The Centers for Disease Control and Prevention (CDC) has debuted a color-coded system for identifying cruise ships based on their recent history of COVID-19 infection.
The system, which is currently outlined on the CDC’s website, will be utilized to grade cruise ships under U.S. jurisdiction, the results of which will be published sometime this week, the Miami Herald reported. The results will also be published alongside each cruise line’s plans for maintaining the health and safety of passengers and crew, to be instituted once sailing finally resumes following months of suspensions from the coronavirus health crisis.
In accordance with the new color-coded grading system, ships that have reported no confirmed cases of COVID-19 or similar illnesses for the past 28 days will be designated with “Green” status, per the CDC. Those that have had one or more suspected cases will be “Yellow,” pending confirmation. And finally, “Red” will be designated for ships with one or more confirmed cases within the past 28 days.
The system is being used to determine whether any asymptomatic crew members remaining on certain ships will be allowed to use specific facilities, such as gyms or meeting rooms (which are not required to close on “Green” ships) or whether they still need to remain in their cabins during non-work hours. (Jeffrey Greenberg/Education Images/Universal Images Group via Getty Images)
The system is being used to determine whether any asymptomatic crew members remaining on certain ships will be allowed to use specific facilities, such as gyms or meeting rooms (which are not required to close on “Green” ships) or whether they still need to remain in their cabins during non-work hours. The system will also be used to determine whether any remaining crew members who are currently awaiting repatriation will be allowed to travel home via commercial transportation. Only those aboard ships that meet the “Green” criteria can be repatriated via commercial transportation; those on “Yellow” or “Red” ships must use non-commercial transportation.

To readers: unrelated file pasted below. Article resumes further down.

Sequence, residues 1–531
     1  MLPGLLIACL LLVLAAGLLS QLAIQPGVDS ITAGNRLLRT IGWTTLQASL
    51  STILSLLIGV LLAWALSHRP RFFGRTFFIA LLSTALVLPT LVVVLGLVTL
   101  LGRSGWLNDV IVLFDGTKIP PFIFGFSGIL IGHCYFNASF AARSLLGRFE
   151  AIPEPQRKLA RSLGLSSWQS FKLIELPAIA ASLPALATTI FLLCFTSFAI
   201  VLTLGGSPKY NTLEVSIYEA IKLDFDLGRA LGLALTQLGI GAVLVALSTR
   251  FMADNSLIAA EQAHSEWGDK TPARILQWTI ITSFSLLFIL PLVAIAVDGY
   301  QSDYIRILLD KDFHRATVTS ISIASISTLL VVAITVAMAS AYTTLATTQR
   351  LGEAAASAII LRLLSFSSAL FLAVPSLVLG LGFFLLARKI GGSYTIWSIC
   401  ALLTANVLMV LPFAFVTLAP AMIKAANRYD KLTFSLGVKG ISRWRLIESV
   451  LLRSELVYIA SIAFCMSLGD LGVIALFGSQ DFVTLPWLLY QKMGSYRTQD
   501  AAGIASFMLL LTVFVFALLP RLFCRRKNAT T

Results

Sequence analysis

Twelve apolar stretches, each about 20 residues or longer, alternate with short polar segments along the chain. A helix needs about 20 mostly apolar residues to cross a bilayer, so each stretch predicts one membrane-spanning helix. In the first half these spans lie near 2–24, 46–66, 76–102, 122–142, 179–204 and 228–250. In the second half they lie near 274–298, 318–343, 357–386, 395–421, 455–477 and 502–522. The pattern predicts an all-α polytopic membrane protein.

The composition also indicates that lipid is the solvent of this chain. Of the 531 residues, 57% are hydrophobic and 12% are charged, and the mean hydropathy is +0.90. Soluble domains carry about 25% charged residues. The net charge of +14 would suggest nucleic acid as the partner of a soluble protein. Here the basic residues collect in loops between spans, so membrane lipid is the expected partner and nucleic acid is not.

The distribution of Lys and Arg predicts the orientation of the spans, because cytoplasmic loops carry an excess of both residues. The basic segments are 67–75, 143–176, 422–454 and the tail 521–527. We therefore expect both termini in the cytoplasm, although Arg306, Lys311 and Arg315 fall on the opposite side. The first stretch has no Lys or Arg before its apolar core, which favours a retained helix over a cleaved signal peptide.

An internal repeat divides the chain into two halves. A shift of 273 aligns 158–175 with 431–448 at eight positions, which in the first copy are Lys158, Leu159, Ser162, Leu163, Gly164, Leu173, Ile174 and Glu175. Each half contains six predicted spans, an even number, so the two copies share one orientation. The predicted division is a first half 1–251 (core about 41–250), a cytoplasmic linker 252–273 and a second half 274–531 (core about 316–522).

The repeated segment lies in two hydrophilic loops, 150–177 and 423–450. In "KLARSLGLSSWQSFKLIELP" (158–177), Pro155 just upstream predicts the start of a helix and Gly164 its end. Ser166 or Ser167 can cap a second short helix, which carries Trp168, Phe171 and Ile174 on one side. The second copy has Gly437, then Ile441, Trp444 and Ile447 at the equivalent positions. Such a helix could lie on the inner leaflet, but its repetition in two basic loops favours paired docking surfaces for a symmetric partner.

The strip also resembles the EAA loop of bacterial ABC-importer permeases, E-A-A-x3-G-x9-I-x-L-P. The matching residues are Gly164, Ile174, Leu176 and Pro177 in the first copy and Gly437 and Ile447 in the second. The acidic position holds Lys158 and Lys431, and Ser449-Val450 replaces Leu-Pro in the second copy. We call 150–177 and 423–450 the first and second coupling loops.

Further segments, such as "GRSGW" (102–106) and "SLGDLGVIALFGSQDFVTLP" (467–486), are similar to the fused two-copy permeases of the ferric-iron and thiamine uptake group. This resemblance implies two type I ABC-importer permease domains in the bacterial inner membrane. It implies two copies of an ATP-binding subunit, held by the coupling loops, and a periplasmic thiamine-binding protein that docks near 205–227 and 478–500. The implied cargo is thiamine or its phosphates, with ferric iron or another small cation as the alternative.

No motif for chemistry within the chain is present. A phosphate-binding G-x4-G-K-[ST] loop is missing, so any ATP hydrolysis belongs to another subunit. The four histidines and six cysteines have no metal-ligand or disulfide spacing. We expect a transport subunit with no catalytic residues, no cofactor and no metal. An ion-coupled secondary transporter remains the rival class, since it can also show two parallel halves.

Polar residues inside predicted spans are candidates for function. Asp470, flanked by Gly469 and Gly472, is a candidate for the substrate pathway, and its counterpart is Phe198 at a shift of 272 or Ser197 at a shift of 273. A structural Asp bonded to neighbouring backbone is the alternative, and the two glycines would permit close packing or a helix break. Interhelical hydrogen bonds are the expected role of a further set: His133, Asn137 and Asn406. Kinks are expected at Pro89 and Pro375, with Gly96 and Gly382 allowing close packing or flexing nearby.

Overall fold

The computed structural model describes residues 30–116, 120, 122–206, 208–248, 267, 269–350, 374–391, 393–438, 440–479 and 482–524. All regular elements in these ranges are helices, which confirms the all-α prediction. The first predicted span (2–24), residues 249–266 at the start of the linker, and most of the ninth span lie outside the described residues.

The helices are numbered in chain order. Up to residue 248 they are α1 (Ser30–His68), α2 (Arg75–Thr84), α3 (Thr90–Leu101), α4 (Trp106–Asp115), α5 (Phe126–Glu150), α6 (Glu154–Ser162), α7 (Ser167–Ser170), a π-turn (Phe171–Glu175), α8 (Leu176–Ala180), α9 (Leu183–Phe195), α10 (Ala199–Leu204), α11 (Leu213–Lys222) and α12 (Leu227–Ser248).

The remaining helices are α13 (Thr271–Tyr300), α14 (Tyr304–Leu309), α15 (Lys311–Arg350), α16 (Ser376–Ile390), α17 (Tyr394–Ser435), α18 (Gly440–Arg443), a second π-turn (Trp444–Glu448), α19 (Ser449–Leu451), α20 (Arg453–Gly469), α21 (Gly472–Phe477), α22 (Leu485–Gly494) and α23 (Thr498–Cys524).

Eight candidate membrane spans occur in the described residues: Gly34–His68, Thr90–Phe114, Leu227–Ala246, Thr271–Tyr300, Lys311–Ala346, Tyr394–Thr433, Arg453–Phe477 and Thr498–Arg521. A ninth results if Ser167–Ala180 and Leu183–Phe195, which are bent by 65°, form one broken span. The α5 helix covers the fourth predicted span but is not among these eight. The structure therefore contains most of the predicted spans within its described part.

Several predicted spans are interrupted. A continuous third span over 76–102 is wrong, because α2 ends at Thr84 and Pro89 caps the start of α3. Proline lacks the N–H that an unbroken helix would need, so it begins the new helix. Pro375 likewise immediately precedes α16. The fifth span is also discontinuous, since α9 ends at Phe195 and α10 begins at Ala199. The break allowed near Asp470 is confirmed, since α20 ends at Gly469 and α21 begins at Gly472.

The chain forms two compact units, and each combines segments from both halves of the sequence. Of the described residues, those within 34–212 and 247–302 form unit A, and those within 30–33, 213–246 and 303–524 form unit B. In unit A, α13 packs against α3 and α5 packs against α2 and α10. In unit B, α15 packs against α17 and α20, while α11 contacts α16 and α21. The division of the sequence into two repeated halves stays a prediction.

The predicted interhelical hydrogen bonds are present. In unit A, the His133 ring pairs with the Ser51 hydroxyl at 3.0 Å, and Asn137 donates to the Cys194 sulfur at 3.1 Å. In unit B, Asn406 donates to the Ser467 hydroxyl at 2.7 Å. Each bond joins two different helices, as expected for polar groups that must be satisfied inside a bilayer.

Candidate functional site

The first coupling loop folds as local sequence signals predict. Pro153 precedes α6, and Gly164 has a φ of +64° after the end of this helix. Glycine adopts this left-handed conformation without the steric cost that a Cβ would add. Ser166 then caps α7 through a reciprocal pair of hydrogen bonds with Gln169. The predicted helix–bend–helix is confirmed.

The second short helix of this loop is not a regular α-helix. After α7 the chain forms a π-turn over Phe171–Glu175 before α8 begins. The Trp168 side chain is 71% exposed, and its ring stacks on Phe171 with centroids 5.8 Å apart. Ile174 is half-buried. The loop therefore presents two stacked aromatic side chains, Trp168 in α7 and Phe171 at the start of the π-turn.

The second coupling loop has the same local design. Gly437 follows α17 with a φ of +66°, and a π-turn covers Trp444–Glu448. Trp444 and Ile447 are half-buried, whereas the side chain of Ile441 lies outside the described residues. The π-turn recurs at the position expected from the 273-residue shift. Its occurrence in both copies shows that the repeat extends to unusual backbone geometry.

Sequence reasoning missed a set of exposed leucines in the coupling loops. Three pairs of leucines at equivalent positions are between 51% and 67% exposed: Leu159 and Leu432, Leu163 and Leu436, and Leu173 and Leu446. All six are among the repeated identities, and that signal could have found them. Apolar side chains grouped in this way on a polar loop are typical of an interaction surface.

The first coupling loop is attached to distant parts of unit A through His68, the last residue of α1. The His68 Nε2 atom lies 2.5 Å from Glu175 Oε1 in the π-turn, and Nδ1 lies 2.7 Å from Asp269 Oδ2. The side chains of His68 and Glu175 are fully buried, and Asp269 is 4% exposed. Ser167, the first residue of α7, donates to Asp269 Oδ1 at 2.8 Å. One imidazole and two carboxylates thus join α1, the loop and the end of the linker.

“This guidance and the commercial transportation attestation are only applicable to cruise ship operators with a complete and accurate No Sail Order response plan for crew management and for their ships that have met CDC’s criteria for a ‘Green’ ship,” the agency writes.
Under the CDC’s latest “No Sail” order, issued on April 9, the agency required cruise lines to submit their plans for the further prevention of COVID-19 to both the CDC and the U.S. Coast Guard, including plans for responding to further outbreaks with “limited reliance on state, local, and federal government support.”
Those plans will be publicly revealed this week, The Miami Herald reported on Wednesday.
The outlet further said that its own investigation into cruise-linked outbreaks had turned up 63 ships — or “nearly one-fourth of the global ocean cruise fleet.”
At the beginning of May, it was also reported that more than 100,000 crew members were still either quarantined, working, or awaiting repatriation aboard ships stationed off the coast of the U.S. The Herald reported that several thousand have since been transported home, although it’s unclear how many currently remain onboard ships. A representative for the U.S. Coast Guard was not immediately available for comment.